Posted by: Loren Coleman on May 4th, 2011
Today, May 4th, in an international day of celebration of the Star Wars cinema phenomenon.
It is a good day to think of Wookiees and Bigfoot, and I repost on this topic, which I visited first in 2007.
A group photograph of some Wookiee fighters is shown above; they first appeared en masse thanks to Revenge of the Sith. Reportedly, they are men in suits. They do look a lot like Sasquatch, and for years, people wanting to dress as Bigfoot have worn Wookiee costumes for Halloween. Today, such costumes are usually too expensive.
“Wookiee” is the official and correct spelling of these fictional inhabitants of Kashyyyk. “Wookie” is incorrect. Chewbacca (or Chewie) is the most famous and well-known Wookiee, who was there from the beginning.
Friday, May 25, 2011 will be the 34th anniversary of the release of the original Star Wars movie.
On opening day in 1977, I was there, standing in line in Boston, and soon was amazed by what I saw on the big screen.
Congratulations to George Lucas for bringing to birth his vision of this universe of science fiction that would become the Star Wars epic.
As far as popular culture, within cryptozoology, the quick assumption is that Wookiees have been based on Bigfoot, Sasquatch, and other unknown hairy hominoids. What do you think?
Spoiler: The Bigfoot origin does not seem to be the case.
When I visited Honey Island Swamp, in the 1980s, the Star Wars movies had obviously made an impact on the local naming of the Honey Island Swamp Monster. Locals in the area some miles outside of New Orleans, Louisiana, were calling their Honey Island cryptid, casually, for example, by naming their small swamp boats (wrongly spelled) “Wookie.” The Star Wars movies came first, and there is no evidence that the Honey Island Swamp Monster was called a “Wookie” or a “Wookiee” before 1977.
Some people, however, seem to think otherwise. Florida cryptozoologist Scott Marlowe has argued on the cryptozoology.com forum that “the term ‘Wookie’ chosen by Lucas is a North American Indian term for a Bigfoot…It is culturally and linguistically related to the term Shaawanoki which is the Seminole word for the Skunk or Swamp Ape.”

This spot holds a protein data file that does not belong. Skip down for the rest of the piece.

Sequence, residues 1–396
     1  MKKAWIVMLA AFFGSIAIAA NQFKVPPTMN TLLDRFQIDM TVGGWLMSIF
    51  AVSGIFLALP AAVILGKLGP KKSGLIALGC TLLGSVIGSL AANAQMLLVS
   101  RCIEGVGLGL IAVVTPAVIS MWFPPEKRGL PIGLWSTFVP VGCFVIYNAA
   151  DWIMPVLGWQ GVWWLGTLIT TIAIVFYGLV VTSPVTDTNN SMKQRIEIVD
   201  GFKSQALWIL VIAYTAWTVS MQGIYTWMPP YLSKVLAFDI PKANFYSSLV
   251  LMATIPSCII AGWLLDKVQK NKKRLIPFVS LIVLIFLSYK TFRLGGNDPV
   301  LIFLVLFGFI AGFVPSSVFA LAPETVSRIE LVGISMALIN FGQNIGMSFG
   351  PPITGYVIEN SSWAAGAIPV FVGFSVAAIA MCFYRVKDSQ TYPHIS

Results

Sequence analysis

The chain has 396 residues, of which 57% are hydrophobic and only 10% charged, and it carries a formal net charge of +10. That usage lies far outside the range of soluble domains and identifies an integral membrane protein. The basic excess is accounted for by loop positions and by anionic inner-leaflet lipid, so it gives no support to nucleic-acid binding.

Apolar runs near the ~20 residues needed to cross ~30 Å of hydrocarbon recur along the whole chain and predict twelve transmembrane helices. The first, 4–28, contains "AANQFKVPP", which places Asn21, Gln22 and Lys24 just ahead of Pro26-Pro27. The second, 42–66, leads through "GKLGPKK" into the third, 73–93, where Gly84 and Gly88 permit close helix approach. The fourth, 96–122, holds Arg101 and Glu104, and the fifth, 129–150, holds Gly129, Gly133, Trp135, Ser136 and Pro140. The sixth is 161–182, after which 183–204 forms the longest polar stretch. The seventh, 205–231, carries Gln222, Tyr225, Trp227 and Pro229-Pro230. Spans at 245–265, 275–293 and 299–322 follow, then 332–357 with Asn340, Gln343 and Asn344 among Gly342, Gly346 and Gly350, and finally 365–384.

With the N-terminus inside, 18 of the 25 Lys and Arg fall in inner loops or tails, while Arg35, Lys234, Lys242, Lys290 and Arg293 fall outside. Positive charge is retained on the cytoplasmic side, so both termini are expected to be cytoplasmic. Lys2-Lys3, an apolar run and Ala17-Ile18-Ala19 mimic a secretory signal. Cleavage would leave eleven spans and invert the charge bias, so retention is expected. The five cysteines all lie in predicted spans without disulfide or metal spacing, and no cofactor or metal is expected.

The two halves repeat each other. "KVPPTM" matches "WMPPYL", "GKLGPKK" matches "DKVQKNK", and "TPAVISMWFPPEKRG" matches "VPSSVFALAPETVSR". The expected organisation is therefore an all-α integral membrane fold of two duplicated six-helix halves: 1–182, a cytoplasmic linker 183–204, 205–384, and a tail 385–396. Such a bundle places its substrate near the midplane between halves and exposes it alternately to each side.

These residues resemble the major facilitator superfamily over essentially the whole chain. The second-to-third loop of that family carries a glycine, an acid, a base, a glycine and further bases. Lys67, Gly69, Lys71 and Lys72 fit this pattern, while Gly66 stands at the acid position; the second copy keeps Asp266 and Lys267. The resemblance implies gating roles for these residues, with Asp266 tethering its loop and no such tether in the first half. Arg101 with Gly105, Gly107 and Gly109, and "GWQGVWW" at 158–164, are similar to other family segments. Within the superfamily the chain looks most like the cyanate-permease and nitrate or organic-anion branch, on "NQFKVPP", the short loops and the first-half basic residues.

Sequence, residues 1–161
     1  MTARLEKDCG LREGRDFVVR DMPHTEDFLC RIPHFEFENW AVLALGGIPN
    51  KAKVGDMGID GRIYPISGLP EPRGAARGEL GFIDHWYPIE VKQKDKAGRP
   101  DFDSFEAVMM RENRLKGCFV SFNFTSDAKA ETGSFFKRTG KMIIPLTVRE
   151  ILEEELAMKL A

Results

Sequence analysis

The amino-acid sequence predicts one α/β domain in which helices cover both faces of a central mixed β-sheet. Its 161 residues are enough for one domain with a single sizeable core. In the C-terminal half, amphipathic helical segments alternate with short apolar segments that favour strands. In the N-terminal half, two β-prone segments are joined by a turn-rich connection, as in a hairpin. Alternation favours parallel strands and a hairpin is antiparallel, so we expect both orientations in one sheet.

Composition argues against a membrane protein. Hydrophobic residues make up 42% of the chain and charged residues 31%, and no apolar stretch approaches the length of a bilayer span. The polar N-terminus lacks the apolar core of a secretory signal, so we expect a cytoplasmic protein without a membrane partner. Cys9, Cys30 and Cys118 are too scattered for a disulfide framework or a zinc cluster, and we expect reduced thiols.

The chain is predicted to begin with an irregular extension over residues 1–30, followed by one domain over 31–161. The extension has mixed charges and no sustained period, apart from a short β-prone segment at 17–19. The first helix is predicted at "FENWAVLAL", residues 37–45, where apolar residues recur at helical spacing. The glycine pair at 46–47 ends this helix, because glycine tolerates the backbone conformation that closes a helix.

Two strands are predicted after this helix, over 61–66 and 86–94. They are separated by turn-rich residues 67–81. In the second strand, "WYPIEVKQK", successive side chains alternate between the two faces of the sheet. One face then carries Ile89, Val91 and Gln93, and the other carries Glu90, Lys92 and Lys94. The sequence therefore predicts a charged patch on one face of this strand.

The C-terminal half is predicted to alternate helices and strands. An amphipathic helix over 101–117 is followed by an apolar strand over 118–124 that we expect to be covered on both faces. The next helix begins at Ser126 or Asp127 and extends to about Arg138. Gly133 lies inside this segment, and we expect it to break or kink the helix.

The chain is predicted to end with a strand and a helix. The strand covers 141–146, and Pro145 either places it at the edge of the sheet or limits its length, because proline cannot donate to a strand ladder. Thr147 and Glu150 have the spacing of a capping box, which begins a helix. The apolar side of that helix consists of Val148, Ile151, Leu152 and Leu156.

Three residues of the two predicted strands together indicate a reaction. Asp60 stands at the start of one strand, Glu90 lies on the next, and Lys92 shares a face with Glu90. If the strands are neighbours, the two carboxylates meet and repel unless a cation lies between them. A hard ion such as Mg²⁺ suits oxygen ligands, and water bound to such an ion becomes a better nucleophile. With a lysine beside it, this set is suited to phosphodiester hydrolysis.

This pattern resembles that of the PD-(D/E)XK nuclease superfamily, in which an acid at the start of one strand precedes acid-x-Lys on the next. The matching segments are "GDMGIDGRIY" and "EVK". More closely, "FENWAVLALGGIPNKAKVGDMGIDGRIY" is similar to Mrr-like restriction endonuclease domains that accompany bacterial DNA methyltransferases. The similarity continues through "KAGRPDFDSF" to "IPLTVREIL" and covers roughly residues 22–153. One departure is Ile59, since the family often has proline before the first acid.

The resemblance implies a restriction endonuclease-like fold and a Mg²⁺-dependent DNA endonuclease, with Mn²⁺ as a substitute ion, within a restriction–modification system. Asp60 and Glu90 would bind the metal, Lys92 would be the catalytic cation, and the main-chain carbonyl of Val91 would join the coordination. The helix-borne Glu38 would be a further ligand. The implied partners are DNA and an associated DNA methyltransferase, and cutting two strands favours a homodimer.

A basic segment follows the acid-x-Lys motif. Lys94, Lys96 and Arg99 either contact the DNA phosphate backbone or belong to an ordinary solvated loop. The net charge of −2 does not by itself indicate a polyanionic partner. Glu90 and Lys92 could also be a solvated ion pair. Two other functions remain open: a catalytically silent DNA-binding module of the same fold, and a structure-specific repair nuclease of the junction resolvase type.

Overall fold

This is a highly doubtful theory. The significance of the 850 miles between the very culturally different Native groups – the group who use to live near the Honey Island Swamp of Louisiana, and those of the Everglades and Big Cypress swamps of Florida – must be acknowledged. Frankly, this Skunk Ape info just does not seem to be factual.
Most damaging of all, however, is George Lucas’ own testimony on the origins of the name.
The director himself said the name originated in his first motion picture THX 1138. In a line ad-libbed by an actor, a character says, “I think I just ran over a wookiee on the expressway.”
Furthermore, as noted in the bonus material on the Indiana Jones trilogy, the Wookiee is said to be based on George Lucas’ dog named “Indiana.”
Oh no, Chewie based on a dog? Not very Bigfoot-like at all.
Nevertheless, the Wookiee’s apparent link to Bigfoot has become part of popular thought:
Wookiees bear a notable resemblance to the cryptozoological phenomena of the Sasquatch, with one issue of Star Wars Tales linking Chewbacca and Han Solo to the adventurous wanderings of Indiana Jones.
“Wookiee” entry, Wookiipedia, the Star Wars wiki.
Loren Coleman is one of the world’s leading cryptozoologists, some say “the” leading. Certainly, he is acknowledged as the current living American researcher and writer who has most popularized cryptozoology in the late 20th and early 21st centuries. Starting his fieldwork and investigations in 1960, after traveling and trekking extensively in pursuit of cryptozoological mysteries, Coleman began writing to share his experiences in 1969. An honorary member of Ivan T. Sanderson’s Society for the Investigation of the Unexplained in the 1970s, Coleman has been bestowed with similar honorary memberships of the North Idaho College Cryptozoology Club in 1983, and in subsequent years, that of the British Columbia Scientific Cryptozoology Club, CryptoSafari International, and other international organizations. He was also a Life Member and Benefactor of the International Society of Cryptozoology (now-defunct). Loren Coleman’s daily blog, as a member of the Cryptomundo Team, served as an ongoing avenue of communication for the ever-growing body of cryptozoo news from 2005 through 2013.